FalseGuide Malware Ensnared 2 Million Android Users In Zombie Botnet Via Google Play

Official app stores are supposed to be safe havens for mobile users to download and install programs and games without fear of mucking up their smartphones and tablets. Unfortunately that is not always the case. Researchers at veteran security outfit Check Point, makers of the popular ZoneAlarm personal firewall, recent detected a new strain of malware on Google Play that seems intent on enlisting the help of unsuspecting users to participate in a botnet.

Dubbed "FalseGuide," the researchers discovered the malware hidden inside more than 40 guide apps for games, the oldest of which was uploaded as early as November 2016. That means it was able to hide for at least five months. Check Point estimates that nearly 2 million users have been infected by FalseGuide, up from the company's original estimate of more than 600,000 infected devices.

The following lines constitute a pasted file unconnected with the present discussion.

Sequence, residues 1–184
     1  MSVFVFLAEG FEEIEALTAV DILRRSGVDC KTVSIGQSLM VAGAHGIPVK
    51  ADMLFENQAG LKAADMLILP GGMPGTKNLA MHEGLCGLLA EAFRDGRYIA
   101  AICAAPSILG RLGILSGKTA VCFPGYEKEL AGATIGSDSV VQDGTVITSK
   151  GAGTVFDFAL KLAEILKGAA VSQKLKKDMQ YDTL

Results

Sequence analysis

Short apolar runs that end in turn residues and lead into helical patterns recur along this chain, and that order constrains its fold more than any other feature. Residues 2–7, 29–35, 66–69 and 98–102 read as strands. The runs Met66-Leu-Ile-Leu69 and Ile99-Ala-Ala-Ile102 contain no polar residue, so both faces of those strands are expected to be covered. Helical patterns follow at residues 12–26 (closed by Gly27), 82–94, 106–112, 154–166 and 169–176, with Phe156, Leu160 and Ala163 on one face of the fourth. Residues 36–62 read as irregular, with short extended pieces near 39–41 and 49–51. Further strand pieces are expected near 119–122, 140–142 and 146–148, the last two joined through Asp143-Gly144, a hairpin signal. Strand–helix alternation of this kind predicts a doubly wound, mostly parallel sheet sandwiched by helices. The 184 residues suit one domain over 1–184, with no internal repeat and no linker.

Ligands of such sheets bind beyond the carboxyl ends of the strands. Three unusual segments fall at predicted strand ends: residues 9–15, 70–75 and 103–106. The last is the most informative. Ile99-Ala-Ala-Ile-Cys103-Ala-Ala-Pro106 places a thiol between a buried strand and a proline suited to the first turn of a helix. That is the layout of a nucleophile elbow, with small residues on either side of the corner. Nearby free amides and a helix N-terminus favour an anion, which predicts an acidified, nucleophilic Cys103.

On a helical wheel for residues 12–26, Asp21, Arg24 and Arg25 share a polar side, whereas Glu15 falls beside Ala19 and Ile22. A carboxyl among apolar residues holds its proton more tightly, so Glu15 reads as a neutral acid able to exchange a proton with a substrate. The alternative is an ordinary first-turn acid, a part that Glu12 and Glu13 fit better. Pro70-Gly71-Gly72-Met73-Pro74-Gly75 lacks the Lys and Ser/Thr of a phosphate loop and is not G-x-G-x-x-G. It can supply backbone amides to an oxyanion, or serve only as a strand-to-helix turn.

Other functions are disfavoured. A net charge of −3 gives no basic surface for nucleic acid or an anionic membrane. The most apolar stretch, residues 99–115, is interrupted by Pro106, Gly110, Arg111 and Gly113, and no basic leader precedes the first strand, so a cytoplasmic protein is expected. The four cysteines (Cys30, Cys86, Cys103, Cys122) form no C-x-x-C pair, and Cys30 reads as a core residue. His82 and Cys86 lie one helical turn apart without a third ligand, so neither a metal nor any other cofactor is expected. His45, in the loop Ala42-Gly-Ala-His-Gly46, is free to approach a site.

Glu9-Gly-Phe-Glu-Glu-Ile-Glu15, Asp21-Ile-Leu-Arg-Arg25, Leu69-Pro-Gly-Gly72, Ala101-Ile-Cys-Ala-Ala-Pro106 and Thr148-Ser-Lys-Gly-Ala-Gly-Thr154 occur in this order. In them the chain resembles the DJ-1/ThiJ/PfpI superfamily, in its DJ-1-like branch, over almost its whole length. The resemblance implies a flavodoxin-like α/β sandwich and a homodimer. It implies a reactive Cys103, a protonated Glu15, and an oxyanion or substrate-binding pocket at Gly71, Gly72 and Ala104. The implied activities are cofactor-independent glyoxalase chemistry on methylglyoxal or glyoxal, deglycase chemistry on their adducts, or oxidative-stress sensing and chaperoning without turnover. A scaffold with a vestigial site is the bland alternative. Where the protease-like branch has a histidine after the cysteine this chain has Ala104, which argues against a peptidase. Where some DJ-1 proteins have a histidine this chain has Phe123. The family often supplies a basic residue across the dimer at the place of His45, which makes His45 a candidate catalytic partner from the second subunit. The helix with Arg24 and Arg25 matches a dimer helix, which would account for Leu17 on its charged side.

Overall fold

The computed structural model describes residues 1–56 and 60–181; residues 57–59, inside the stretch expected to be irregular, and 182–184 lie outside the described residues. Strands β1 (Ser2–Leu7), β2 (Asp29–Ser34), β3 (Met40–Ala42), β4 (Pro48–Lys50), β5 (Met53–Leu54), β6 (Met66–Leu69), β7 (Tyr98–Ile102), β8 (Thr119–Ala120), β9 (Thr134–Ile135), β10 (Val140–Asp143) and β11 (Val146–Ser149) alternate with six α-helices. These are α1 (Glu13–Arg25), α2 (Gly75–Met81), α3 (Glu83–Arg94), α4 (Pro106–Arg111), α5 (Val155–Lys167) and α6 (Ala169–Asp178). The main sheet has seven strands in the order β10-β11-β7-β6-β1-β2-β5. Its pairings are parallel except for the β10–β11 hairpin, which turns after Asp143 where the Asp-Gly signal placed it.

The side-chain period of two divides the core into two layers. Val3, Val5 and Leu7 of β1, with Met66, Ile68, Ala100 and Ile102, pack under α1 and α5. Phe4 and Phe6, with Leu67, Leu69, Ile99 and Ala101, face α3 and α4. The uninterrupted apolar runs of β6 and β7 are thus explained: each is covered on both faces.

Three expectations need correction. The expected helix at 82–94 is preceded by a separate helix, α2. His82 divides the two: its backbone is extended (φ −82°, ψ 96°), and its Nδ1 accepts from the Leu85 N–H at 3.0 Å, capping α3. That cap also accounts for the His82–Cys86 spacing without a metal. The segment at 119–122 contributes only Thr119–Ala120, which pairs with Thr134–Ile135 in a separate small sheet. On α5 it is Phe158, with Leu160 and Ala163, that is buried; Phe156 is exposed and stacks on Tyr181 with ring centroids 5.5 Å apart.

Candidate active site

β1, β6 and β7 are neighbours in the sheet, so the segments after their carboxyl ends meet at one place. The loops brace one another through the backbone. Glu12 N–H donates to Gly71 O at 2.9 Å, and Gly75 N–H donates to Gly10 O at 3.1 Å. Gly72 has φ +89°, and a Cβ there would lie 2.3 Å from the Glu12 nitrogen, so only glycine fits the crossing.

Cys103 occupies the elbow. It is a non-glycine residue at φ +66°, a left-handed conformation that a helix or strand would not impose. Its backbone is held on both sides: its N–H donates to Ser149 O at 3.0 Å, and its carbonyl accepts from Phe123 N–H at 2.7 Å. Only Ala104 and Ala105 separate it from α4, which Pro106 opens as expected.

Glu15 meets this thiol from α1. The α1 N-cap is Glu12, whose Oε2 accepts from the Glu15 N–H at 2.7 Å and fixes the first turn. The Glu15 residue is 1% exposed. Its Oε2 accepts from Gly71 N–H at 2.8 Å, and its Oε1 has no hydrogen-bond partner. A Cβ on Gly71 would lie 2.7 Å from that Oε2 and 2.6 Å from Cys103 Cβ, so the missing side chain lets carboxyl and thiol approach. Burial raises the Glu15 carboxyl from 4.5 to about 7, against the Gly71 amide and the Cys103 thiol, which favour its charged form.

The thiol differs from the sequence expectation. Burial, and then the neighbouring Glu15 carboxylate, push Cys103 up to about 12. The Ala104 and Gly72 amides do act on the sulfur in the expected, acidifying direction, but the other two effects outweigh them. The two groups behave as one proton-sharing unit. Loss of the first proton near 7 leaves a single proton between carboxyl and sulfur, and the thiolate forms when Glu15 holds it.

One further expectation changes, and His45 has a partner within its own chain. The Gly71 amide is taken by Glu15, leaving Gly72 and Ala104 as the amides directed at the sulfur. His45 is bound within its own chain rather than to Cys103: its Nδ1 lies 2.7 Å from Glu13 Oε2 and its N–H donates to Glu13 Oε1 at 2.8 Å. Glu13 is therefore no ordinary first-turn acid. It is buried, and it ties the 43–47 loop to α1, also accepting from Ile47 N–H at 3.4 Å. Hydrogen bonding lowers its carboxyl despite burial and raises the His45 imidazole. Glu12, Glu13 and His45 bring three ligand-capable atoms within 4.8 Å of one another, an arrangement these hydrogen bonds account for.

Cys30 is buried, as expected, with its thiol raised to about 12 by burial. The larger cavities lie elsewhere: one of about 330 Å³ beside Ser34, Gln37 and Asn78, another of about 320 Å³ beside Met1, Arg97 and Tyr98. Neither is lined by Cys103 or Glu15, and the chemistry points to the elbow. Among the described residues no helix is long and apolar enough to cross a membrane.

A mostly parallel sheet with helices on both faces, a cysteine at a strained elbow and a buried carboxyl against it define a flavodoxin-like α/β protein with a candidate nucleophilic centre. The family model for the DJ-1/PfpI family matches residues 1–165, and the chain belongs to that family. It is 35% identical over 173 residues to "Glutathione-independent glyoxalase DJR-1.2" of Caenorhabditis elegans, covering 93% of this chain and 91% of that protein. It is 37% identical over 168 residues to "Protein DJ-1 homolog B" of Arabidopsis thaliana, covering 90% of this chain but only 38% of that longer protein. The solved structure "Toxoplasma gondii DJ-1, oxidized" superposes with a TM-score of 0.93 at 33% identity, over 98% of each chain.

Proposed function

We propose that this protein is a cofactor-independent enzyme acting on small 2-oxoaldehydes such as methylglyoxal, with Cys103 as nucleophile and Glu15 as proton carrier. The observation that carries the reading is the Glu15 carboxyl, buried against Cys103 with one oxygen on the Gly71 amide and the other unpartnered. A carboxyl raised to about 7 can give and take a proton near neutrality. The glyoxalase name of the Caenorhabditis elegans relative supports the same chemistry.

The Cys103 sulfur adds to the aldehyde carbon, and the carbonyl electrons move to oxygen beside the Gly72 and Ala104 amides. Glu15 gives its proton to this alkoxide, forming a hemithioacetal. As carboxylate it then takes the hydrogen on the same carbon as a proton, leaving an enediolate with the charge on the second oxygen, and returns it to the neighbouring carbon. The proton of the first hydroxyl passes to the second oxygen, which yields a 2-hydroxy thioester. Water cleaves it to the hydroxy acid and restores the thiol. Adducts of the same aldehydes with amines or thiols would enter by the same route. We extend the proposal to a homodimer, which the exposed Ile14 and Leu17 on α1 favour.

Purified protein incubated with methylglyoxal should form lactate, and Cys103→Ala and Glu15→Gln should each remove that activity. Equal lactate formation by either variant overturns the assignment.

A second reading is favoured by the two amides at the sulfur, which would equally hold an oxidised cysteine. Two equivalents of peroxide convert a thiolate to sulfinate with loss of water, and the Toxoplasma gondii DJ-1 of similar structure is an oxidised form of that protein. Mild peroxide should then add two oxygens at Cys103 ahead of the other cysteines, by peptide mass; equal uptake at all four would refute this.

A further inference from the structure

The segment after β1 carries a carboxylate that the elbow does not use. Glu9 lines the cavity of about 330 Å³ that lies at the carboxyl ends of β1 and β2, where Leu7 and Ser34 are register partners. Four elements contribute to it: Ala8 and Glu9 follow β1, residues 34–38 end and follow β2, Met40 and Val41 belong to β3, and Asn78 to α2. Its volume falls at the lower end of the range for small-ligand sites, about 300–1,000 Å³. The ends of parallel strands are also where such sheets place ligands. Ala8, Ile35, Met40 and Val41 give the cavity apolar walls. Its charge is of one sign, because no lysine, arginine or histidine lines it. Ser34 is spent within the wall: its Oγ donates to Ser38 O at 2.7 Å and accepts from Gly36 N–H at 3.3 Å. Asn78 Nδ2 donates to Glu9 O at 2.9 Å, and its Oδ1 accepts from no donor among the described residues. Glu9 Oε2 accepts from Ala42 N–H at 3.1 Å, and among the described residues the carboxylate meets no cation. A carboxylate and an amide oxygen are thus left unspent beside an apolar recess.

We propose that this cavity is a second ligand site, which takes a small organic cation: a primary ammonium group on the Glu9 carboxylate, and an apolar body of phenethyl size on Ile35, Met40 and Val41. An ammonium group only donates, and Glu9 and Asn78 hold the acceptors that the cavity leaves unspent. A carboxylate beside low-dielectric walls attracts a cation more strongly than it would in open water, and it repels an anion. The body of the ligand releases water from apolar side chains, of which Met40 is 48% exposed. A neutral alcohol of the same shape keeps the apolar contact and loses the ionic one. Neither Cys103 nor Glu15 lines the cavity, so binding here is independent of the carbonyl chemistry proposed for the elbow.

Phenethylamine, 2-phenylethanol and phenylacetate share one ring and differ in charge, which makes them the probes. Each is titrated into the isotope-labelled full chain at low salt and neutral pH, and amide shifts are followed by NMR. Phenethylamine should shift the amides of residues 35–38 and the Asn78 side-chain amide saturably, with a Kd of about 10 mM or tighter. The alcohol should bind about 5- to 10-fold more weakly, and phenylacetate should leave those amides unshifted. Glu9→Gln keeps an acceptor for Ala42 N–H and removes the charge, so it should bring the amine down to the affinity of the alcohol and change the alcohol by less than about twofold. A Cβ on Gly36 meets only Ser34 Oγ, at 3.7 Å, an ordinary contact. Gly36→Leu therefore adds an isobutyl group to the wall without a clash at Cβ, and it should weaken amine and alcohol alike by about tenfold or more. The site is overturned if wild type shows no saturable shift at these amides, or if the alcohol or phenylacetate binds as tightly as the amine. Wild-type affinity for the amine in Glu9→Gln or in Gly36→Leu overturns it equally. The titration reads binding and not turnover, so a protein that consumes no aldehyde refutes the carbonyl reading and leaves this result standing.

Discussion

Google Play

"Check Point notified Google about the malware, and it was swiftly removed from the app store. At the beginning of April, two new malicious apps were uploaded to Google Play containing this malware, and Check Point notified Google once again," Check Point stated in a blog post.

The malware sneakily creates a silent botnet out of the infected devices. Hackers in remote control of compromised smartphones and tablets have been using the botnet to deliver adware. One of the telltale signs that indicate something is awry is an unusual permission request during installation—compromised apps ask for device admin permission in order to avoid being deleted by the user.

Why masquerade as guiding apps for games? Check Point notes that guiding apps are both popular and require very little development and feature implementation. Those traits allow malware developers to reach a wide audience with not a lot of effort.

Check Point believes the malware has Russian ties based on the names of the two fake developers uploading the malicious apps—Sergei Vernik and Nikolai Zalupkin.